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The role of neodeconstructive rationalism in the works of Less Wrong

33 Post author: thomblake 01 April 2010 02:17PM

Summary: Yudkowsky's fiction emphasizes neodeconstructive rationalism, which serves as a bridge between class and sexual identity. Materialist libertarianism (in the metaphysical sense) implies quantum nonrealism, but examining the works of Vinge, Gibson, and especially Egan in this light generates the discourse of semitoic consciousness.

1. Precapitalist textual theory and neodeconstructive rationalism

In the works of Yudkowsky, a predominant concept is the concept of cultural reality. It is not enough to believe in belief; one must make beliefs pay rent  It could be said that Salamon’s model of neodeconstructive rationalism implies that class has significance, given that the premise of materialist libertarianism is invalid. Given that absence of evidence is evidence of absence, an abundance of discourses concerning Pearlean absurdity may be revealed.

The main theme of the works of Alicorn is not depatriarchialism, but postdepatriarchialism. Thus, Yvain suggests the use of neoconstructive narrative to modify culture. After all, guessing the teacher's password is merely a route to more semantic stopsigns. The defining characteristic, and subsequent dialectic, of materialist libertarianism intrinsic to Yudkowsky’s Three Worlds Collide is also evident in The Sword of Good, although in a more mythopoetical sense.

It could be said that the primary theme of Jaynes's analysis of neodeconstructive rationalism is the bridge between class and sexual identity. pjeby promotes the use of the cultural paradigm of consensus to deconstruct class divisions.

Thus, if neodeconstructive rationalism holds, we have to choose between postdialectic conceptualist theory and subcapitalist theory. But would that take place on a level greater than merely disputing definitions? Several appropriations concerning the stasis of dialectic art exist.

But the characteristic theme of the works of Bayes is a postpatriarchial reality. Hanson’s critique of materialist libertarianism holds that the establishment is meaningless. But is it really just an empty label?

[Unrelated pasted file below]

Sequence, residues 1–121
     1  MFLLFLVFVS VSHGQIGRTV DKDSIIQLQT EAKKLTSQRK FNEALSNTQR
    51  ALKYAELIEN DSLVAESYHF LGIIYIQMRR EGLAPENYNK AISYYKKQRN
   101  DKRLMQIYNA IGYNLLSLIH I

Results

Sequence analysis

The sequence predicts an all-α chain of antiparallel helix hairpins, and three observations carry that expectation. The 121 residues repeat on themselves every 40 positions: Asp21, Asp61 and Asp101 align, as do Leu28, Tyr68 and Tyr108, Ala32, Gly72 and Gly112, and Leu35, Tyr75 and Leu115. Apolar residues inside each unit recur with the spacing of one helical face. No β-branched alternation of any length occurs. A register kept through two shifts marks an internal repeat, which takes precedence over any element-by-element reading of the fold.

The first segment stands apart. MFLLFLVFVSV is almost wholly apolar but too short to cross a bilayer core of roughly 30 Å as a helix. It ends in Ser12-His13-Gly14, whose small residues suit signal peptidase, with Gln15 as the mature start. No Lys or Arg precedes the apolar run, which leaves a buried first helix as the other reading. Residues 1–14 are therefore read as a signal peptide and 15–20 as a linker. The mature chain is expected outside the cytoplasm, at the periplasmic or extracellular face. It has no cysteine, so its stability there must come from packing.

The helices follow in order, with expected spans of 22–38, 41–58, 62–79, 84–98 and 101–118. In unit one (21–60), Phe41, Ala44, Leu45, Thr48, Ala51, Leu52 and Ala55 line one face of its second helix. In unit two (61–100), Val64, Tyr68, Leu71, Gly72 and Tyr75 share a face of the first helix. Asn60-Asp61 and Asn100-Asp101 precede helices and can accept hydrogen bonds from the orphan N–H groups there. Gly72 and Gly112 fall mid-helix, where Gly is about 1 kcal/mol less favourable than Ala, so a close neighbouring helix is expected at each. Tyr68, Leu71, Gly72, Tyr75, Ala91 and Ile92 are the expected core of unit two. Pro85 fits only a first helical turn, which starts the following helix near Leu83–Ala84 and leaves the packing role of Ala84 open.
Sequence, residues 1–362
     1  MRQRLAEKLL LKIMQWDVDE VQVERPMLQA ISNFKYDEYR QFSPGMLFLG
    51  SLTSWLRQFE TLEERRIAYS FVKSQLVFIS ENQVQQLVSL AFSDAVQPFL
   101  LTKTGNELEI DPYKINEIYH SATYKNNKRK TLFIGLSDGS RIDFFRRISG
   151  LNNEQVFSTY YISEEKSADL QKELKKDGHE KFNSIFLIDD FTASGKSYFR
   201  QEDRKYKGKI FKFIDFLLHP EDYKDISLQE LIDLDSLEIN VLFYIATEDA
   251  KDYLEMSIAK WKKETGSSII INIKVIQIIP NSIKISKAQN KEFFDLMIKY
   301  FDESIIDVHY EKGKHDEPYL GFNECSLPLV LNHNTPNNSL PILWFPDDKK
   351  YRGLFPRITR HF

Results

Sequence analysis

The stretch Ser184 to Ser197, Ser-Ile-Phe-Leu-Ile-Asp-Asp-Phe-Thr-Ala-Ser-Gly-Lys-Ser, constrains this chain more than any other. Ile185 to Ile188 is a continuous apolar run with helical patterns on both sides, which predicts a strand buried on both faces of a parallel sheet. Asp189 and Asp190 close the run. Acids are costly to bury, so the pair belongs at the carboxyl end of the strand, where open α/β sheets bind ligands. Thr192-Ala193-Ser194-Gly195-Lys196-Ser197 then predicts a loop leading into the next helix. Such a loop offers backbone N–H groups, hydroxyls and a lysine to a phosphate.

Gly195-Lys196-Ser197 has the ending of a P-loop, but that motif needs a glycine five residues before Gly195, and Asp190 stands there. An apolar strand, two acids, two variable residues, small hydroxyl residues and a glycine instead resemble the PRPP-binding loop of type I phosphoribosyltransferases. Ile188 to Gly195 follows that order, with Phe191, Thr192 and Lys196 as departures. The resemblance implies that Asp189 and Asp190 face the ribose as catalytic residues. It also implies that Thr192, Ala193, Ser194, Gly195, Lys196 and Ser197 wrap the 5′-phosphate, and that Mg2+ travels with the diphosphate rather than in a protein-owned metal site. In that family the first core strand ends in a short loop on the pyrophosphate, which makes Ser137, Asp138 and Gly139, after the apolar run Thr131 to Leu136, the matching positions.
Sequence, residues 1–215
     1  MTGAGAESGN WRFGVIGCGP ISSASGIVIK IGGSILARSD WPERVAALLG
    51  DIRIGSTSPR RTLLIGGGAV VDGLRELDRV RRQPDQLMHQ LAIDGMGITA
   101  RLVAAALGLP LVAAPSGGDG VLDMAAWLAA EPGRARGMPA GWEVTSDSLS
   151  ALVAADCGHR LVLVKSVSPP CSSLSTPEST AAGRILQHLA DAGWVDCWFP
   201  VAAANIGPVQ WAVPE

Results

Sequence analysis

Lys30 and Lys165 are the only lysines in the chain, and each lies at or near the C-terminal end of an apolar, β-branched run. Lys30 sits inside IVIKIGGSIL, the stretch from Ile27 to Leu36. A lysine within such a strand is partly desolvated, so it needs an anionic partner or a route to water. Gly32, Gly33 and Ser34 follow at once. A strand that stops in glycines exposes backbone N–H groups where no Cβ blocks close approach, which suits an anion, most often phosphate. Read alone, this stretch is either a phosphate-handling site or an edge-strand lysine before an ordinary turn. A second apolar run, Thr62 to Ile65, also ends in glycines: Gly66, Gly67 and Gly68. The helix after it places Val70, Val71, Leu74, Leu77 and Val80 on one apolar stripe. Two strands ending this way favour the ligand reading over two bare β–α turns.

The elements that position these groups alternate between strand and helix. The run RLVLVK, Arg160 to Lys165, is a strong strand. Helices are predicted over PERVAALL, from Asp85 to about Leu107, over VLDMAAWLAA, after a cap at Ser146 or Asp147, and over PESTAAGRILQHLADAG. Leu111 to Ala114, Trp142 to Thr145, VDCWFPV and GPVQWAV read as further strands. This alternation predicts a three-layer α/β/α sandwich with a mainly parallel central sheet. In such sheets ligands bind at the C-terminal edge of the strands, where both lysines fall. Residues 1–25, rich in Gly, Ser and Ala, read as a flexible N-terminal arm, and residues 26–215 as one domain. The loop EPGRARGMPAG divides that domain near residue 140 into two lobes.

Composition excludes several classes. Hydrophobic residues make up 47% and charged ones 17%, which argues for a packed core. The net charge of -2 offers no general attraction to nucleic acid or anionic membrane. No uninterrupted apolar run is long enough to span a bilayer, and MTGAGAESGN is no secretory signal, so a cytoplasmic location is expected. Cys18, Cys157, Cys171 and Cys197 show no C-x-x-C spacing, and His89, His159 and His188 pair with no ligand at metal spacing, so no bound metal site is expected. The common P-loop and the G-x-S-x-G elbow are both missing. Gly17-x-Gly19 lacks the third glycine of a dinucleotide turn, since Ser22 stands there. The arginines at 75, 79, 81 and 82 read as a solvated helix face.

2. Expressions of futility

“Sexual identity is part of the stasis of language,” says Vinge. Thus, Dennett states that we have to choose between Sartreist absurdity and capitalist libertarianism; taw's critique brings this into sharp focus. If neodeconstructive rationalism holds, the works of Yudkowsky are modernistic.

“Culture is used in the service of the status quo,” says Dennett; however, according to Crowe, it is not so much culture that is used in the service of the status quo, but rather the failure, and therefore the defining characteristic, of culture. But the subject is interpolated into a materialist libertarianism that includes art as a whole. Pearl holds that we have to choose between Humean qualitative post praxis and the neodialectic paradigm of consensus.

In the works of Yudkowsky, a predominant concept is the distinction between figure and ground; the generalized anti-zombie principle stands in tension with the tragedy of group selectionism It could be said that Blake uses the term neodeconstructive rationalism to denote the role of the participant as artist. The main theme of Hanson's analysis of materialist libertarianism is the economy, and eventually the stasis, of semiotic society.

But the primary theme of the works of Egan is not constructivism as such, but neoconstructivism. Sarkar states that the works of Egan are postmodern.

In a sense, Hanson uses the term 'materialist libertarianism' to denote the role of the writer as artist. Quantum non-realism implies that sexuality is used to marginalize minorities, but only if culture is distinct from language.

3. Yudkowsky and neodeconstructive rationalism

In the works of Yudkowsky, a predominant concept is the concept of timeless control. However, MichaelVassar suggests the use of materialist libertarianism to analyse and modify narrativity. The characteristic theme of the works of Gibson is the role of the writer as observer.

Therefore, in Virtual Light, Gibson deconstructs the conscious sorites paradox; in All Tomorrow’s Parties, however, he analyses the moral void. It could be said that the subject is contextualised into a neodeconstructive rationalism that includes art as a whole. Any number of situationisms concerning Bayesian rationality may be discovered.